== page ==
I was at a get together the other night and, as I arrived, a guy came and approached me. A guy that I am sort of friends with, but don’t know very well. Some of the women that I’m with think that he likes me, but I’m really only interested in being his friend. He sits down next to me and we talk for most of the night. During the course of the conversation, he asks me what I’m drinking, and I say that it’s water. I’ve already had two beers and a rum and diet, so if I want to drive home, I’m on water the rest of the night. He replies, “Well, that’s fine. I’ve heard it’s actually easier for the roofies to dissolve in water.”
The thing about this statement was that he really thought he was being funny, or charming, or something. After all, he was only joking. (About rape.) This is not the first time I’ve heard men joke about roofies, and luckily, I have my comeback at the ready. I say, quickly and sharply, “That’s not funny.” Because it’s not. Because, when men make these types of jokes, everyone wants to be “laid back” and “cool” and not call That Guy out on trying to make assaulting someone a joke.
I don’t know if he was nervous, or thought that maybe I didn’t hear him right, because clearly if I had heard him right, I would have thought the joke was funny. So, he repeats it. “No, really, that’s what I’ve heard, it’s easier to dissolve.” He makes a stirring motion with his hand and has a stupid grin on his face. I repeat, in the same robotic tone, no smile on my face, “That’s not funny. Stop it.”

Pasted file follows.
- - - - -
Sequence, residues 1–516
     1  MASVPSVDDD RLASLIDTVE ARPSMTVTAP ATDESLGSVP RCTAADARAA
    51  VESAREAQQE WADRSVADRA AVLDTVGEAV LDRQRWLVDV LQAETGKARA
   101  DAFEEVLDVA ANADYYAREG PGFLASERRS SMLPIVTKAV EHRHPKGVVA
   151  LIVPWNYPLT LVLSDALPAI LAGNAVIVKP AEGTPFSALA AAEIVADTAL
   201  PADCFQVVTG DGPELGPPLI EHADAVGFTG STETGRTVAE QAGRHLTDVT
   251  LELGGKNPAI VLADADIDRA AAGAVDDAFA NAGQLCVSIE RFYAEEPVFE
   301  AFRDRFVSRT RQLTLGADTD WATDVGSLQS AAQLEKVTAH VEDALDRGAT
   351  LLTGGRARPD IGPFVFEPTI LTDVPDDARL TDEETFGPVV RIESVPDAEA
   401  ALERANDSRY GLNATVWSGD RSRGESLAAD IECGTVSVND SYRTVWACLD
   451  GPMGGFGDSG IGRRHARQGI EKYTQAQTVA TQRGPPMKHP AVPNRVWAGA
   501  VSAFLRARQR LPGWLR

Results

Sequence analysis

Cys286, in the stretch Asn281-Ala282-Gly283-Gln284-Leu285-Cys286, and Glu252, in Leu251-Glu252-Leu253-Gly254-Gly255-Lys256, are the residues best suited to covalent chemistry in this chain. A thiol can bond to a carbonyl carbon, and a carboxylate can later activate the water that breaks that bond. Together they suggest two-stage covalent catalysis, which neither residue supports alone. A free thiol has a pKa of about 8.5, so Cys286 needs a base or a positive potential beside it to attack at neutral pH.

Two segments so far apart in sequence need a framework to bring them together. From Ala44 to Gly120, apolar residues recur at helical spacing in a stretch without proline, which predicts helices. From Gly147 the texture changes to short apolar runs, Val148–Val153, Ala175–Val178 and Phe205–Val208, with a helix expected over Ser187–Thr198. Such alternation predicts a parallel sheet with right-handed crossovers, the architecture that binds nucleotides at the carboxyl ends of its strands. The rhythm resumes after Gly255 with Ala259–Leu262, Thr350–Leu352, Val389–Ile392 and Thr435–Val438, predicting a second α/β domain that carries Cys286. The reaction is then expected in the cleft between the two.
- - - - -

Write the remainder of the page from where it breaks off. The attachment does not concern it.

At this point, the table goes quiet, and people are looking on, uncomfortable. At times like these, I’m not sure who they are uncomfortable with. Is it with him, for joking about roofies and date rape? I usually assume that they’re uncomfortable with me, because look at the uppity woman who’s not laughing. Can’t she just let it go? Can’t she see he’s a Nice Guy and doesn’t Mean It? Meanwhile, he’s even more nervous, like a person stuck in a hole, unable to dig up. So he does the only thing that he knows: repeats the joke a third time.
Suddenly, I don’t care about him, or the people around me, or what they think. I get up, walk to the bathroom and wash my hands to calm down. As it happens, I’m not really that angry. I’m not really that offended either. But I do think it’s messed up that, here’s a guy who likes me, and wants to impress me. And for some reason, he thinks it’s totally appropriate in the context of a conversation with me, to make a joke about roofing my drink. Because that’s sexy? Here’s the thing though: At no point did he think that he needed to employ his filter. What made the biggest impact on me is that he’s most likely never had that reaction before, so he never needed to control himself. I’m not sure what that says about our culture. Whatever it says, it’s not good.
I walk back to my table, and people look uncomfortable for a second. The guy apologizes, and to make everyone feel better, I smile and say, “That’s alright.”New York, work